The Council on Energy, Environment and Water (CEEW) is one of South Asia’s leading not-for-profit policy research institutions. The Council uses data, integrated analysis, and strategic outreach to explain – and change – the use, reuse, and misuse of resources. The Council addresses pressing global challenges through an integrated and internationally focused approach. It prides itself on the independence of its high-quality research, develops partnerships with public and private institutions, and engages with wider public. In 2018, CEEW once again featured extensively across nine categories in the ‘2017 Global Go To Think Tank Index Report’, including being ranked as South Asia’s top think tank (14th globally) with an annual operating budget of less than USD 5 million for the fifth year in a row.
In 2016, CEEW was also ranked 2nd in India, 4th outside Europe and North America, and 20th globally out of 240 think tanks as per the ICCG Climate Think Tank’s standardised rankings. In 2013 and 2014, CEEW was rated as India’s top climate change think-tank as per the ICCG standardised rankings.
Here is a Q&A with Dr. Hem Dholakia, Senior Research Associate at CEEW:
Can you tell us a little bit about CEEW?
In over seven years of operations, The Council has engaged in more than 180 research projects, published well over 110 peer-reviewed books, policy reports and papers, advised governments around the world over 400 times, engaged with industry to encourage investments in clean technologies and improve efficiency in resource use, promoted bilateral and multilateral initiatives between governments on more than 50 occasions, helped state governments with water and irrigation reforms, and organised more than 210 seminars and conferences.
The Council’s major projects on energy policy include: India’s largest energy access survey (ACCESS); the first independent assessment of India’s solar mission; the Clean Energy Access Network (CLEAN) of hundreds of decentralised clean energy firms; India’s green industrial policy; the $125 million India-U.S. Joint Clean Energy R&D Centers; developing the strategy for and supporting activities related to the International Solar Alliance; modelling long-term energy scenarios; energy subsidies reform; energy storage technologies; India’s 2030 renewable energy roadmap; clean energy subsidies (for the Rio+20 Summit); clean energy innovations for rural economy; community energy; and renewable energy jobs, finance and skills.
The Council’s major projects on climate, environment and resource security include advising and contributing to climate negotiations (COP-23) in Bonn, especially on the formulating guidelines of the Paris Agreement rule-book; pathways for achieving INDCs and mid-century strategies for decarbonisation; assessing global climate risks; heat-health action plans for Indian cities; assessing India’s adaptation gap; low-carbon rural development; environmental clearances; modelling HFC emissions; business case for phasing down HFCs; assessing India’s critical minerals; geoengineering governance; climate finance; nuclear power and low-carbon pathways; electric rail transport; monitoring air quality; business case for energy efficiency and emissions reductions; India’s first report on global governance, submitted to the National Security Adviser; foreign policy implications for resource security; India’s power sector reforms; resource nexus, and strategic industries and technologies; and Maharashtra-Guangdong partnership on sustainability.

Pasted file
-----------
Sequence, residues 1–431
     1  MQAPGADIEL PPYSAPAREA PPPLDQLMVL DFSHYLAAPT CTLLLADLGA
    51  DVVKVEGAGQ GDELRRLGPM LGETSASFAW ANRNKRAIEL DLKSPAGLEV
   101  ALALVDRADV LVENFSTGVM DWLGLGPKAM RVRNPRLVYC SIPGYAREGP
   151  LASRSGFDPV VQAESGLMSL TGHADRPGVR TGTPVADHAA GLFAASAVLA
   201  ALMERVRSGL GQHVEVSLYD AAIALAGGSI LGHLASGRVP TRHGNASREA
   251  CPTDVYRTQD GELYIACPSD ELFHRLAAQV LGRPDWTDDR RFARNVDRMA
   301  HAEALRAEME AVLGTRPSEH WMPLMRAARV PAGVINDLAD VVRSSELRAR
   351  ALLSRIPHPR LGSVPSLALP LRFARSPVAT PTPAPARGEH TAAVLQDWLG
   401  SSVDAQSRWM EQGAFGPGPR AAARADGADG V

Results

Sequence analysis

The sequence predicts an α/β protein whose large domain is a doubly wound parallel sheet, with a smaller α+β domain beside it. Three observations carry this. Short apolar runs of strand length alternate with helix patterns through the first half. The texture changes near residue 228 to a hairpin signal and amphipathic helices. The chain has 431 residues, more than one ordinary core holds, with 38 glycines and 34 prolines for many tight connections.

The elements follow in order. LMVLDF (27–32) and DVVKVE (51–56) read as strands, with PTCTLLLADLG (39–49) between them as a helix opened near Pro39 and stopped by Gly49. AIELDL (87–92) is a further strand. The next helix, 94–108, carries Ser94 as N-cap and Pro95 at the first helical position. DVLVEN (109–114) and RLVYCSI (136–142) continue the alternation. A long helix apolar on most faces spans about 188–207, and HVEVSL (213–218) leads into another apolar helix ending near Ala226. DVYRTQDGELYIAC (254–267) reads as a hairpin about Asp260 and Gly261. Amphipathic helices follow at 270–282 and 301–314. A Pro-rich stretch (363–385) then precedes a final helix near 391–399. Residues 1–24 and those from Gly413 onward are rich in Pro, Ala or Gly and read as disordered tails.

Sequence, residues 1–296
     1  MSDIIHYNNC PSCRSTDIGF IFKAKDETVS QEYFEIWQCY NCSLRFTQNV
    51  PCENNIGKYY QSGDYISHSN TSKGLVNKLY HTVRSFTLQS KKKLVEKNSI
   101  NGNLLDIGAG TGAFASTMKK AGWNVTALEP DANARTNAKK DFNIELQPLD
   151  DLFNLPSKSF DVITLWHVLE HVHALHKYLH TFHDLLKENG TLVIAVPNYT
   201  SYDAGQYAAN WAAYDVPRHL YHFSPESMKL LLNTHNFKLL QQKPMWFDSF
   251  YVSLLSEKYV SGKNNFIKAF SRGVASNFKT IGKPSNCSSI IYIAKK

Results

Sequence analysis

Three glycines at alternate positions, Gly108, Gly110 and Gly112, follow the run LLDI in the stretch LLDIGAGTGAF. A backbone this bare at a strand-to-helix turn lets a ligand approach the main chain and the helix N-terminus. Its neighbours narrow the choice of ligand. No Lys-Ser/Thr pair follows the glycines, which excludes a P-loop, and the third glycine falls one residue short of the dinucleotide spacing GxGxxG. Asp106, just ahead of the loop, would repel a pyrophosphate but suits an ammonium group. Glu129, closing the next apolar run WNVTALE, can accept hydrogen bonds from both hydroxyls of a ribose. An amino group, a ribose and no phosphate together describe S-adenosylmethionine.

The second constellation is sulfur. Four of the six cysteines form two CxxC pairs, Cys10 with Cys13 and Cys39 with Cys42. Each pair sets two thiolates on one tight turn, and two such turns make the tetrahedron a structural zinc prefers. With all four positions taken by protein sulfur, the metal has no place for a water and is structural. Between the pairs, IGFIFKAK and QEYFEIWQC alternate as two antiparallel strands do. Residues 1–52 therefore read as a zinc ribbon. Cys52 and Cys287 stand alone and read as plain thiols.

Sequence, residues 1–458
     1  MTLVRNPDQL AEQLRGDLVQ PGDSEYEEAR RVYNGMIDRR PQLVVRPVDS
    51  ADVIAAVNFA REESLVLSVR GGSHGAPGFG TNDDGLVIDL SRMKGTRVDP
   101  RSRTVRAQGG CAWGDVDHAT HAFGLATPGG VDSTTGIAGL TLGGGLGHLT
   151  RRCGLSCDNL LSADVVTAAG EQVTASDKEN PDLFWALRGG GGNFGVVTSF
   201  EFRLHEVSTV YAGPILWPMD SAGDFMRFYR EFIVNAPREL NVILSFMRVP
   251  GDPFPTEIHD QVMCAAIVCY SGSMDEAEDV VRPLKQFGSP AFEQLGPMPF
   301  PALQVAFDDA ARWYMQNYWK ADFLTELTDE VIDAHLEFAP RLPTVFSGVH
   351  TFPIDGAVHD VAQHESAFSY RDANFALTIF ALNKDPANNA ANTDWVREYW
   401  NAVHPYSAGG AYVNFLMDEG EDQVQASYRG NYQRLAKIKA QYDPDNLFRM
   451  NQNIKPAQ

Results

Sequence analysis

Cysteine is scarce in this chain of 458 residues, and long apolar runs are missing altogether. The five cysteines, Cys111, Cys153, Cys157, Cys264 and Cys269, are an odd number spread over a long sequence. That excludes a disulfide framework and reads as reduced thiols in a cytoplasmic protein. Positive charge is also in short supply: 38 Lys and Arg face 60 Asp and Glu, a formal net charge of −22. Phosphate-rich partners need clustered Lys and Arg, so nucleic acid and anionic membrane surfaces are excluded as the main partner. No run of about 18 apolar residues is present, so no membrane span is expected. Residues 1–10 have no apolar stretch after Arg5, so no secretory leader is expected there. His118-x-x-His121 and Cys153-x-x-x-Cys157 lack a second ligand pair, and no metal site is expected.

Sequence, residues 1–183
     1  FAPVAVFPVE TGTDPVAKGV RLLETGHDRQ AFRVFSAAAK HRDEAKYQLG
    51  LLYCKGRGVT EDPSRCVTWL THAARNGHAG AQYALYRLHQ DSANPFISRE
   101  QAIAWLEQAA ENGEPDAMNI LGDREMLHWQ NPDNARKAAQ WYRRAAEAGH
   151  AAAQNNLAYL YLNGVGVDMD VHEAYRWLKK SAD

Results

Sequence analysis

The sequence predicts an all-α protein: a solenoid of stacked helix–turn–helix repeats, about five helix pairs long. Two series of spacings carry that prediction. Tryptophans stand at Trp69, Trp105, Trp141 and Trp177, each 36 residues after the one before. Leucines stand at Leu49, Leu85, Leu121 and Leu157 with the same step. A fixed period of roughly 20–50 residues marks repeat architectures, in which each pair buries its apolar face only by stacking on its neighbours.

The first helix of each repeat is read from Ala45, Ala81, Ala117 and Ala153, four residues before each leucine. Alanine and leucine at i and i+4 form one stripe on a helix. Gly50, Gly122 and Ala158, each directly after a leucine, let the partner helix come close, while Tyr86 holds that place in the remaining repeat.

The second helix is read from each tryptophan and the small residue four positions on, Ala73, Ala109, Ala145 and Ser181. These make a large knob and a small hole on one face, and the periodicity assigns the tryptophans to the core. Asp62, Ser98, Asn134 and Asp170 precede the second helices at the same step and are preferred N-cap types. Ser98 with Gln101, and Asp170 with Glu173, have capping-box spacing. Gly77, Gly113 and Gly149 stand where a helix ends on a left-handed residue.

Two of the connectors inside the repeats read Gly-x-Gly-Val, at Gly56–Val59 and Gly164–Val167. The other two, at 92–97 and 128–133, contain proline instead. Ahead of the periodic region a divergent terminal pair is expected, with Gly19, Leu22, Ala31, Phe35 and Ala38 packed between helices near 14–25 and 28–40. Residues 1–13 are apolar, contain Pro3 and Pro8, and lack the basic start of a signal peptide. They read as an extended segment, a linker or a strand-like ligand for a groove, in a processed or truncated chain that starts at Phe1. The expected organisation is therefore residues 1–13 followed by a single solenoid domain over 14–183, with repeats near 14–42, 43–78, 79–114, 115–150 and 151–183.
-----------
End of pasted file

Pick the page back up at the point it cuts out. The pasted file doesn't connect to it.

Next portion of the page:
How and why did the organization decide to work on air pollution?
As an organisation, CEEW has been committed to using data, integrated analysis and strategic outreach to explain and change the way natural resources are used, re-used or misused. Our perspective is that air pollution has its roots in the way we produce and consume energy. Given CEEW’s extensive work in the renewable energy, energy access, industrial sustainability, low carbon pathways and the power sector, air pollution was a natural extension.
What projects are you currently working on?
In the framework of air pollution, we are working on four projects – first to understand the different policy portfolios that will help us achieve India’s ambient air quality standards; second to look at ways of promoting conservation agriculture among farmers in Punjab, Haryana, and Uttar Pradesh, so that they stop burning paddy straw; third to test low-cost sensors and their use for pollution management; and fourth to look at the opportunities and challenges for implementation of the new thermal power plant standards.
Personally, for you, how do you view the air quality problem in India?
Personally, I see air pollution as the biggest environmental health challenge for the country. We struggle with a large burden of disease. Air pollution will likely exacerbate disease burdens due to respiratory as well as cardiovascular causes in India. Poor health has implications for economic growth. Air pollution has the potential to reduce productivity and impact India’s economic growth through the route of health. Reduced economic growth has implications for poverty alleviation. In a way, these issues are deeply interconnected.
What are the two biggest challenges towards addressing air pollution in India from your personal and organizational experience?
The first challenge is pooling financial resources to combat air pollution. Setting up monitoring systems, smog-alert systems, investing in clean energy, public transport etc. require resources. The costs of a transition to cleaner air are immense. We need a strategic approach to thinking about this, beyond the cess that is charged on coal.
The second challenge is moving from awareness to action. Several institutions are working to build awareness on the pollution issue, but what is missing are actions (across stakeholder groups) to help tackle the issue. Bridging this gap will help create sustained action to reduce pollution.